Brady Toops was a contestant on season 11 of The Bachelorette, where Nilsson competed for the lead spot against Kaitlyn Bristowe. When Bristowe eventually won and Nilsson was sent home, Toops chased her out of the mansion. They dated and the show featured segments with them throughout the season.
While the show did include a brief exchange between Nilsson and Toops about faith, Toops says he doesn’t think it’s a conversation the franchise has really wanted to dive into until this season with Brown.
“I definitely think they’ve shied away from wanting to champion some kind of Christian beliefs,” Toops says. “I think they’ve always shied away from that.”
The show certainly shied away from any mention of religion during Jef Holm’s hometown date in season 8 of The Bachelorette with lead Emily Maynard. When Holm took Maynard home to Salt Lake City to meet his family, his parents were “away.”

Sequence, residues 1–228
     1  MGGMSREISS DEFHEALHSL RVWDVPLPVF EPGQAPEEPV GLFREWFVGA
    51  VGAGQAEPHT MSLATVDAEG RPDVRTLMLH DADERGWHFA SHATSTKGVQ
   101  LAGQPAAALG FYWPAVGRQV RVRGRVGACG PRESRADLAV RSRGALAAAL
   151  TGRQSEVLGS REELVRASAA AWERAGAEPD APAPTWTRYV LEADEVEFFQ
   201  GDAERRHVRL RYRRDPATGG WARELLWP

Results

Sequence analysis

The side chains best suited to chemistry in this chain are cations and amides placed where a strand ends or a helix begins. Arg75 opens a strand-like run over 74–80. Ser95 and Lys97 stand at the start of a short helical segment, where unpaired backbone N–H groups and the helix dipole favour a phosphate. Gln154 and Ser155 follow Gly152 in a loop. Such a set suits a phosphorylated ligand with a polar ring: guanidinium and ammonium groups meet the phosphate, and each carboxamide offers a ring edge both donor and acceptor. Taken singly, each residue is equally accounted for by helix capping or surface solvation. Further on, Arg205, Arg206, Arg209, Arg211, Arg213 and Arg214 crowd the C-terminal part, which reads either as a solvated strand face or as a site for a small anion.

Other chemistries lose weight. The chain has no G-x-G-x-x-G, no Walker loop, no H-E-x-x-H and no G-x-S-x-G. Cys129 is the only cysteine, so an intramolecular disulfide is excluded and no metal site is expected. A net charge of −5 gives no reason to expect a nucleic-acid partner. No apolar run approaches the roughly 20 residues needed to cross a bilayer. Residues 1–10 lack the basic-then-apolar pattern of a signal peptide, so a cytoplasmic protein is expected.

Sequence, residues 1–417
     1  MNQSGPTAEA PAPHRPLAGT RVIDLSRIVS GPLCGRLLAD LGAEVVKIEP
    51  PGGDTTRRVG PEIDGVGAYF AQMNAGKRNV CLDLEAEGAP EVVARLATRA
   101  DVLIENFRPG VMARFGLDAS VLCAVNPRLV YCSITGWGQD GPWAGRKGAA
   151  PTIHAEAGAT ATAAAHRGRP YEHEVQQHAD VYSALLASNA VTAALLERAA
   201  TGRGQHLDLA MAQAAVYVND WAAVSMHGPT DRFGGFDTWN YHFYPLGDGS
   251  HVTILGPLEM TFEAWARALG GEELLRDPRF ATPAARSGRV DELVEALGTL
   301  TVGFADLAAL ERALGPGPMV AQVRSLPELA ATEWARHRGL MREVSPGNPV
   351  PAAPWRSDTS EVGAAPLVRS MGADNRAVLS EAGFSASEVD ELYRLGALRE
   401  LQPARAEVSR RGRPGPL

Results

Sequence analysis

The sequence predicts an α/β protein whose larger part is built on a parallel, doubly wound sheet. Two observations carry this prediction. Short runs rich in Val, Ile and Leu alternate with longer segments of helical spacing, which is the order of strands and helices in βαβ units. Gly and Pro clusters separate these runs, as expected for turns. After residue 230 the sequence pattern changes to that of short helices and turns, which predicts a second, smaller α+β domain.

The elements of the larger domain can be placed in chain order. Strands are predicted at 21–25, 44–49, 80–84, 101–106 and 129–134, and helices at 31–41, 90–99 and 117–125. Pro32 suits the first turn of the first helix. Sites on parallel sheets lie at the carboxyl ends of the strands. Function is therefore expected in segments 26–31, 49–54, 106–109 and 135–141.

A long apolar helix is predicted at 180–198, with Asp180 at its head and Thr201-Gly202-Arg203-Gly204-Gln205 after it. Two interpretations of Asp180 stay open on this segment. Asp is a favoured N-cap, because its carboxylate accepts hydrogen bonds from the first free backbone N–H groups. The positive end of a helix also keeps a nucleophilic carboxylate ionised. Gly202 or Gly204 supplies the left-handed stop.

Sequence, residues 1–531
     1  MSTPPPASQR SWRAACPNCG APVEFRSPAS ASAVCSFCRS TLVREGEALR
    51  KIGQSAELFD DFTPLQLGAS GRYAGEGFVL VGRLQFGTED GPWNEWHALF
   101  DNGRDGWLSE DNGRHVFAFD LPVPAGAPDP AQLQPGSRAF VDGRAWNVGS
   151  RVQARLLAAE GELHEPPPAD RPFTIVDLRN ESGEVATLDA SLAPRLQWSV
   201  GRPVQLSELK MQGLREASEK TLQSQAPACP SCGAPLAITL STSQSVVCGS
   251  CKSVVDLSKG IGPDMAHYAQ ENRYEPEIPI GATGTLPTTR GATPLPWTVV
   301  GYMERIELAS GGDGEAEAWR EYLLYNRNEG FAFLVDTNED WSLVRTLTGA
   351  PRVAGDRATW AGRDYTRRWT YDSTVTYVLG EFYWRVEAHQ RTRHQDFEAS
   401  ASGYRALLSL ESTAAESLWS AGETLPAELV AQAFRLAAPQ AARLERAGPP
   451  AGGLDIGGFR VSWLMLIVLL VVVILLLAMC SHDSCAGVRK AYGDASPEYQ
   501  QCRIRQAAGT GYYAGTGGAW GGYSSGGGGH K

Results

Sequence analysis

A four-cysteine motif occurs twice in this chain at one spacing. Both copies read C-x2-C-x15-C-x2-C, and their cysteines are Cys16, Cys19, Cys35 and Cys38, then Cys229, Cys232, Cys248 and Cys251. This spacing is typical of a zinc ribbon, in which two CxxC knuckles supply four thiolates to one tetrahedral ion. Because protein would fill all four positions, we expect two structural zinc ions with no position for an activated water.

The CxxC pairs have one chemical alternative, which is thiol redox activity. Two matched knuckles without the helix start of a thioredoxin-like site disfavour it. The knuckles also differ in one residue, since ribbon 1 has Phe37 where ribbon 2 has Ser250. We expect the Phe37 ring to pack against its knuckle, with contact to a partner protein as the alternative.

“My parents aren’t going to make it today,” Holm said on the show in 2012. “They’re in South Carolina doing charity work.” People from Utah doing charity work? Do you mean they’re on a Mormon mission? Yes.
In Emily Maynard’s book, I Said Yes, Maynard writes that producers encouraged her to find out more about Holm and his religion. While he grew up Mormon, he wasn’t still practicing when he went on the show, but Maynard found his knowledge of the Bible attractive and even wrote in her book that she wondered at the time if Mormonism was a religion she could claim. None of this was mentioned on TV.
Toops thinks people who watch The Bachelor franchise are from Middle America and probably evangelical Christians. He believes audiences will identify with Brown and Parker’s storyline.
“I think they’re showing different versions of Christianity and what the fruit of those versions is,” Toops says. “It’s interesting how Luke P.’s version of Christianity makes everyone hate him. And I’m not sure if that’s so much Christianity or if that’s a certain masculinity that has some kind of rigid, slightly legalistic Christianity attached to it. I think we’re definitely seeing how belief systems divide more than they actually can unite.”